For a business focused on growth, its rapid reorganisation in order to continue serving its customer during the worst of the pandemic has created a quiet confidence that it has both potential and resilience. After all, March 2020 brought surprises that nobody had predicted.
“Immediately, we had to meet several challenges,” says Mr Potier. “We had to continue activities but make sure that our staff did not get infected.” Half of Bruneau’s employees remained on-site, while the rest work from home – and half of them had never done so before – which meant rapid provision of technology.
A daily morning meeting reviewed the health and safety of staff, and reported the previous day’s orders; customer service issues; product offers and marketing; and the cash position.
During the period of lockdown in France from mid-March to the start of May, sales fell sharply. Bruneau put in place the state-funded ‘partial activity’ schemes. For six to eight weeks, 50% of the office staff were on furlough. Many of Bruneau’s customers – tens of thousands of small businesses across France and Belgium – disappeared. “There was nobody to receive the packages. Thousands of parcels each day were not being received because people were not at their offices.” Protocols had to be rapidly established for drivers delivering parcels to customers at home. A call centre run by a sub-contractor shut down completely. “We were a little bit submerged for a time,” says Mr Potier.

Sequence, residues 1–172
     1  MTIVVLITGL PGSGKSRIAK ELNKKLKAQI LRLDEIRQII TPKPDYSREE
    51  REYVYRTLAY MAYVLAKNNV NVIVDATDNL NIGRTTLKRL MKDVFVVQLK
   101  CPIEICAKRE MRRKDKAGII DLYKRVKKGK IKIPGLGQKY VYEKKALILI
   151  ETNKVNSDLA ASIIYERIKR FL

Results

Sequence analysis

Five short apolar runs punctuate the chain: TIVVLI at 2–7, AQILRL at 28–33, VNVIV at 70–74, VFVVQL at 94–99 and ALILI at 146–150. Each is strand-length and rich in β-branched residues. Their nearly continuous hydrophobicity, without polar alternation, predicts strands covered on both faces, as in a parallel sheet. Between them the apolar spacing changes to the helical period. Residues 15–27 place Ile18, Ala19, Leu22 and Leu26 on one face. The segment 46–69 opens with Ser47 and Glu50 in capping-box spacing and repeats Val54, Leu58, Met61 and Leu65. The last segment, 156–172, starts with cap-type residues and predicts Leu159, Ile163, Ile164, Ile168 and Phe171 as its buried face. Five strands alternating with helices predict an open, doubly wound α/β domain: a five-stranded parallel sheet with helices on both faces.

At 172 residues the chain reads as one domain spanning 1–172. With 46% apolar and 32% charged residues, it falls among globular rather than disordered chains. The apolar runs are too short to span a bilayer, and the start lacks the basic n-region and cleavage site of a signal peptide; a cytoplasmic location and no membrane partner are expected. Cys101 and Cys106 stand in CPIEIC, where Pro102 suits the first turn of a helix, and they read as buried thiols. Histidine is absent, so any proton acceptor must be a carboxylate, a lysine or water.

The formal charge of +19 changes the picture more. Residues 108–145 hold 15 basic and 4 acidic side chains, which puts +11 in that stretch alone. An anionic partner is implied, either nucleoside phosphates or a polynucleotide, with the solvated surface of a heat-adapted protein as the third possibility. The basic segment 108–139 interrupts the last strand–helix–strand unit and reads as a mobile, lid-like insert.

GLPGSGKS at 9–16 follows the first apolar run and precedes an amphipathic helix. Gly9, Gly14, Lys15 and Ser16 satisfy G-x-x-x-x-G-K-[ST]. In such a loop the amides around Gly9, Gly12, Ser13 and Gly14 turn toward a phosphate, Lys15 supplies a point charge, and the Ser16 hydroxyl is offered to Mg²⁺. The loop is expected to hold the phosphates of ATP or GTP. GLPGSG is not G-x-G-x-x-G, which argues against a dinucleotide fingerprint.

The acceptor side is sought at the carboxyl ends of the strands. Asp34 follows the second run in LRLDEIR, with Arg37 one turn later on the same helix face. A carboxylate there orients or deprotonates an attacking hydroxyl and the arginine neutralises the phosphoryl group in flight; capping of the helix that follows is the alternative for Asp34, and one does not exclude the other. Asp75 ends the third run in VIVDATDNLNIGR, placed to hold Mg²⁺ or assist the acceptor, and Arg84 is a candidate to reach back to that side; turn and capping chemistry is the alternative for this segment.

The company was one of the first to access a state guaranteed loan but this and other contingent measures were never, ultimately, required.
But in the end, it doesn’t matter how good you are at reacting if you don’t have the fundamentals in place – in this case a strong established B2B brand, a slick e-commerce platform and great customer service. Because Bruneau had all this at the start of 2020, its future beyond Covid-19 looks brighter than ever. ☐
A full version of this interview appeared in PLATFORM 04, Winter 2020/21